Globalisation, technological advances and the changing nature of work all have far-reaching implications for the work of schools, says Professor Geoff Masters, speaking ahead of ACER’s Research Conference.
In a Q&A published in Teacher, Professor Geoff Masters AO, Chief Executive of ACER, says there is widespread agreement that students require new levels of skill in collaborating, communicating, thinking critically, innovating, solving problems and applying what is learnt in new contexts. According to Professor Masters, these skills need to be underpinned by values and dispositions that include a commitment to social inclusion, responsible citizenship and respect for human rights.
Research Conference 2019, Professor Masters explains, will review research into innovative ways of conceptualising, developing and assessing this broader range of priorities for student learning and development in the 21st Century.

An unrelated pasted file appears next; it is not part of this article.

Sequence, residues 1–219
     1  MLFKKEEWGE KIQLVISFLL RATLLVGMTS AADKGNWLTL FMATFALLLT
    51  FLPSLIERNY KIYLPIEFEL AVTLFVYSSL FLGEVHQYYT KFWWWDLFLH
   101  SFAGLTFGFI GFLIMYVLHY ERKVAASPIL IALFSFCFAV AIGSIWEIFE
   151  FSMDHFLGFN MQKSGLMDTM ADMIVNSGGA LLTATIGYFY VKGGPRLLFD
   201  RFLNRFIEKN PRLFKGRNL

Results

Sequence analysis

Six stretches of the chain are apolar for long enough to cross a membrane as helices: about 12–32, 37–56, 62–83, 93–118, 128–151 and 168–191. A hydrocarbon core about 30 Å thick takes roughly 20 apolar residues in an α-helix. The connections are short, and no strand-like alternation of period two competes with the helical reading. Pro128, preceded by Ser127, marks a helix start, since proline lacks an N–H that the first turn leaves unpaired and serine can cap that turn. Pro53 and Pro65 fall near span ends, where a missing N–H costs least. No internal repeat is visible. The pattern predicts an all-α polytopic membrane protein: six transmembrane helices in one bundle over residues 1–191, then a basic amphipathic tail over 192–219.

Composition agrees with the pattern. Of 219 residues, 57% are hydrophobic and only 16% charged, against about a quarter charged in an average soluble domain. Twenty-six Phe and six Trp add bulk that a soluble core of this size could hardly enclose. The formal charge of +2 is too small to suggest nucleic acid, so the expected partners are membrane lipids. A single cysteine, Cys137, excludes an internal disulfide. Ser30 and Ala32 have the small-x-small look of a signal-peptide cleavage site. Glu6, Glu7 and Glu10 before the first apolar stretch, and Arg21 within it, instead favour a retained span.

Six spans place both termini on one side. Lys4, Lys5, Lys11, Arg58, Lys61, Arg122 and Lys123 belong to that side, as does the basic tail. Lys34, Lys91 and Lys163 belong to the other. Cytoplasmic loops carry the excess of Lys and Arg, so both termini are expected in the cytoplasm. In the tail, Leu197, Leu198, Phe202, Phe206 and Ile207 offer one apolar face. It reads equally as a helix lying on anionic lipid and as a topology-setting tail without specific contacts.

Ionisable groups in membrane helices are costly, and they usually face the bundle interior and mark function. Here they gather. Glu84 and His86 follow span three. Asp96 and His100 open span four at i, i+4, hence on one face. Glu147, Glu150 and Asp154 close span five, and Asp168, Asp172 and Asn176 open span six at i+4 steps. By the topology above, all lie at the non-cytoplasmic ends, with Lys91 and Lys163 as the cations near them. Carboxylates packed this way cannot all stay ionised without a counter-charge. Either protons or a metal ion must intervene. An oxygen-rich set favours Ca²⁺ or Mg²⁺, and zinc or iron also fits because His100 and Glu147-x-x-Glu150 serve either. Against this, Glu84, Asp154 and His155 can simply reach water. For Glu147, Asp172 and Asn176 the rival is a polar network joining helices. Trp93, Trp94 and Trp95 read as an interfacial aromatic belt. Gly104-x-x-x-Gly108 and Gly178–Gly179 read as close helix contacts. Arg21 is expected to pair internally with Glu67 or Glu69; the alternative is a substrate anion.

‘An important question in relation to any general capability is the question of what it means for students to develop higher levels of the capability. What improves as students become better at collaborating? What can be watched for as evidence of increasing problem-solving ability? Descriptions of progress or growth in general skills and attributes often are based on judgements or beliefs rather than on data,’ Professor Masters says. ‘Some presentations at this conference will describe leading-edge work to construct empirically-based maps and descriptions of how general capabilities develop in practice.’
Professor Masters says conference participants will have an opportunity to hear from researchers and practitioners who are grappling with important questions relating to the teaching, development and assessment of a variety of skills and personal attributes now recognised as essential for learning, life and work beyond school.
‘This is a field in which significant advances can be expected over the next decade,’ Professor Masters says.
‘In some cases, [conference] participation will provide a better understanding of unanswered questions and how they are being explored. In other cases, participants will take away new ideas that they can use immediately.’
Read the full article:
Read ‘Connecting research to practice: Preparing students for the future’ in Teacher Magazine or find out more about Research Conference 2019. ■